Time travel is messy business. Logistically, it's nearly impossible not to find yourself stuck in a huge plot hole that most time travel writers have labelled a "paradox" and left it at that. Loki head writer Michael Waldron sat down with Collider to break down the rules of the new series, and how they hope to avoid traditional time travel failings.
"We got six episodes," he said. "Folks are going to have a week in between each one of these things to pick them apart. I kept telling our writers, ‘Look guys, they're going to hold our feet to the fire. We've got to make this as airtight as we possibly can, so it can withstand a week of scrutiny every episode.”
He's most certainly right, but that comes as a huge benefit to his show and the teams working on it. If you know what your audience is going to savage the hardest, you know which areas to make as seamless as possible. Tom Hiddleston's charisma will certainly curry plenty of favor with viewers, but it's exciting to know how seriously the writers room is taking their challenge.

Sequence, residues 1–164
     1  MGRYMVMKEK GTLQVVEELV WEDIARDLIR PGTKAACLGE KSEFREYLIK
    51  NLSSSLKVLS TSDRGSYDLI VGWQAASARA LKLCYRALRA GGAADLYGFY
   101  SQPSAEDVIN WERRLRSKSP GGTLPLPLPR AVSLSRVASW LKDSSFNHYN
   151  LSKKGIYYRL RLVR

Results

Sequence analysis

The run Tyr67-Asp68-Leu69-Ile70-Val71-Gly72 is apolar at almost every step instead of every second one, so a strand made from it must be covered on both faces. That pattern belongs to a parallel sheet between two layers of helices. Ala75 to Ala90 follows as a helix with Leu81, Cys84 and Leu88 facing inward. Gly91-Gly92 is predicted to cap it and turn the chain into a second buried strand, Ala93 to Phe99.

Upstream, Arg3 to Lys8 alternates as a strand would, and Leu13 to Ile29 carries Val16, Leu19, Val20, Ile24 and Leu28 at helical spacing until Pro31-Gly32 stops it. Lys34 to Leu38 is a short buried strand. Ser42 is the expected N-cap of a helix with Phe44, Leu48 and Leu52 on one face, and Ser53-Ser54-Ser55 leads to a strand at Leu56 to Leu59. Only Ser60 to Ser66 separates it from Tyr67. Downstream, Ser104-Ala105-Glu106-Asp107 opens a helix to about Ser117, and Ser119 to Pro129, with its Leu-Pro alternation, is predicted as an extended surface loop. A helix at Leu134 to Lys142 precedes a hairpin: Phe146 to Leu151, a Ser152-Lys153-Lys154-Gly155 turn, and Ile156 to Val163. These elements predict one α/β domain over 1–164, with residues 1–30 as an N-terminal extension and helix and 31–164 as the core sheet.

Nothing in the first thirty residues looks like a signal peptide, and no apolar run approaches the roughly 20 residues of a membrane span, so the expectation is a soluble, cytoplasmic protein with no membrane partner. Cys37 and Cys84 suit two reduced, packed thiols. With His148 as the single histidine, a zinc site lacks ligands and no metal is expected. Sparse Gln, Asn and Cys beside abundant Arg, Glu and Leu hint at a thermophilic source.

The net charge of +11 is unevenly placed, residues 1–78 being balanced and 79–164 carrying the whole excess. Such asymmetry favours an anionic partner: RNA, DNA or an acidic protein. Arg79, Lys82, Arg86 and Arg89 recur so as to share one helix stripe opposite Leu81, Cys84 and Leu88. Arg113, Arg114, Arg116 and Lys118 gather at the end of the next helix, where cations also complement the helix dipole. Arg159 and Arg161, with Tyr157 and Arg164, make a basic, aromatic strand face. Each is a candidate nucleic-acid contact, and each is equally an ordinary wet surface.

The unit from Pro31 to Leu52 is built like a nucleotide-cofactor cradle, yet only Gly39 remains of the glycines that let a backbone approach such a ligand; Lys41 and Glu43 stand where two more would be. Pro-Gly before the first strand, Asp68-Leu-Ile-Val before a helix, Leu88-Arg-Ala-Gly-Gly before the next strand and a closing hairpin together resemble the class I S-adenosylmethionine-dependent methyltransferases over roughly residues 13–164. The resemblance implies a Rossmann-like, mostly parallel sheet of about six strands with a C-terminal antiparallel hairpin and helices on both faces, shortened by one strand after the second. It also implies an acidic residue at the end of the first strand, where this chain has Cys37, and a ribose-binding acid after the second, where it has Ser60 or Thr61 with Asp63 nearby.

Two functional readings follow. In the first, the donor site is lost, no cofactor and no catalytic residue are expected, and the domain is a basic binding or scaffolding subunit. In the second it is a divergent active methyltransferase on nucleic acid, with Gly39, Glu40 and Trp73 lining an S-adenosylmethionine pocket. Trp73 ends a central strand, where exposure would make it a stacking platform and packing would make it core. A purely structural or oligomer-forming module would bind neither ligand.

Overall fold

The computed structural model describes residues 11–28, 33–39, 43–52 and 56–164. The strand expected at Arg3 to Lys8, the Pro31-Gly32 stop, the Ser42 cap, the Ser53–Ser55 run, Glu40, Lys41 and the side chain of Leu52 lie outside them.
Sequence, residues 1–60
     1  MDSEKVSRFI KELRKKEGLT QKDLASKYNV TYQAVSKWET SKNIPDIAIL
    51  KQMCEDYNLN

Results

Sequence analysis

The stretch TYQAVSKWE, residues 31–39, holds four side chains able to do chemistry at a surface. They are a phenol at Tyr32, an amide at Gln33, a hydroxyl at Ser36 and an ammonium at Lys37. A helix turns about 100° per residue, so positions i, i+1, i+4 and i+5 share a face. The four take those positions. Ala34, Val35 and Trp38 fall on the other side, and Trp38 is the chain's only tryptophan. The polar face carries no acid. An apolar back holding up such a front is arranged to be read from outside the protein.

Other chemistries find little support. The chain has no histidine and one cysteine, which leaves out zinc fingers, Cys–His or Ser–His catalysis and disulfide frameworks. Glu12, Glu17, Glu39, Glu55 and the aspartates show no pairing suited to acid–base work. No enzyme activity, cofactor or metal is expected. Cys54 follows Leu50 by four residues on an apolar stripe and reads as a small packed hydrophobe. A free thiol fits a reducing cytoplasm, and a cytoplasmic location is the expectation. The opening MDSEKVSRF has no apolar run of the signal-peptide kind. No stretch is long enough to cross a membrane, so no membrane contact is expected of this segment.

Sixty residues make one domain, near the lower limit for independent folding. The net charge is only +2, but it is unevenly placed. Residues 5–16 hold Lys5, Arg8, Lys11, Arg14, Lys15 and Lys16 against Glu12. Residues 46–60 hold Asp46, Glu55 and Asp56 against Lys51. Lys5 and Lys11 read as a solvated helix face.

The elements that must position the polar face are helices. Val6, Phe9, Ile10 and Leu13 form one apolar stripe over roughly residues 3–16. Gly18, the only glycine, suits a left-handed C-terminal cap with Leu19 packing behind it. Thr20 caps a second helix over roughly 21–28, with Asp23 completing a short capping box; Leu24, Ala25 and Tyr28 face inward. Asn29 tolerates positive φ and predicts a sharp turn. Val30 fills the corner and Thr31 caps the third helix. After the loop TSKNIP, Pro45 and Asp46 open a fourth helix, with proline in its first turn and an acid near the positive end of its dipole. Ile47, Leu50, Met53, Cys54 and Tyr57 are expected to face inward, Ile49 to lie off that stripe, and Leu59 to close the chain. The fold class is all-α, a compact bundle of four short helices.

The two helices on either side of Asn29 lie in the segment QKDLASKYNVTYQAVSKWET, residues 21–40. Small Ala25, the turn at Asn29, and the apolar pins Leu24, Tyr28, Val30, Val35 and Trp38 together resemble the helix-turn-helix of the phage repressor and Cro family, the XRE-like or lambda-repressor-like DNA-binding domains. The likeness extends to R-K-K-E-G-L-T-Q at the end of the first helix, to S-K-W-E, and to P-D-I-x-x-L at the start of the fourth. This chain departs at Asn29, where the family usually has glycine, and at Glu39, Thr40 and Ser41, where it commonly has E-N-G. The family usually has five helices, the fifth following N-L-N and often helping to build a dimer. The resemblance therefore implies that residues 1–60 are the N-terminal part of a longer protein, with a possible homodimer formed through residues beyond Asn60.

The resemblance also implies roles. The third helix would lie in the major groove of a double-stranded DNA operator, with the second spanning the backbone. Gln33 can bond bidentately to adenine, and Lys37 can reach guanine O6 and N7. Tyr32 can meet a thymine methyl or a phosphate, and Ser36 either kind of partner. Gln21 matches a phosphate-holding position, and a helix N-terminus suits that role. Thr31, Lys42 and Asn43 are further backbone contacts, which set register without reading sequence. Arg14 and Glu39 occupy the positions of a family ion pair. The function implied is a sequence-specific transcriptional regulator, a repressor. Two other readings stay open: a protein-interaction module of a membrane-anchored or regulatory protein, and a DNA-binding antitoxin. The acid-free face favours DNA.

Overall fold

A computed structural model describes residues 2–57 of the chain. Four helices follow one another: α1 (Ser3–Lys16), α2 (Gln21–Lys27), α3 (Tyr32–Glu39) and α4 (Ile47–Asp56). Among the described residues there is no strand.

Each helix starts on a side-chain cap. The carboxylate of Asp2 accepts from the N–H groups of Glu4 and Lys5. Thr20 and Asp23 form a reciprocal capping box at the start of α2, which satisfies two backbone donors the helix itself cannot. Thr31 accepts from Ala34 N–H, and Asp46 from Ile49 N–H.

The final, and arguably most interesting tidbit of the interview, was about how Loki will vary from the likes of WandaVision and The Falcon and the Winter Soldier.
"I think I'm most excited for people to see [that] it's just something that is so new. WandaVision and Falcon and the Winter Soldier, in really thrilling ways, were dealing with such immediate grief and aftermath of Endgame and all of that. The tragedy of Wanda's life and the burden that Sam took on becoming Captain America. It was dealing with that immediacy, which is thrilling. In this show, we got to diverge the timeline a little bit, and we're getting to blaze a little bit of a new trail into a new corner of the MCU, and I'm excited for people to see that."
Survives on a steady IV of caffeine, rants, pixie dust and fangirling. Will probably sass you.
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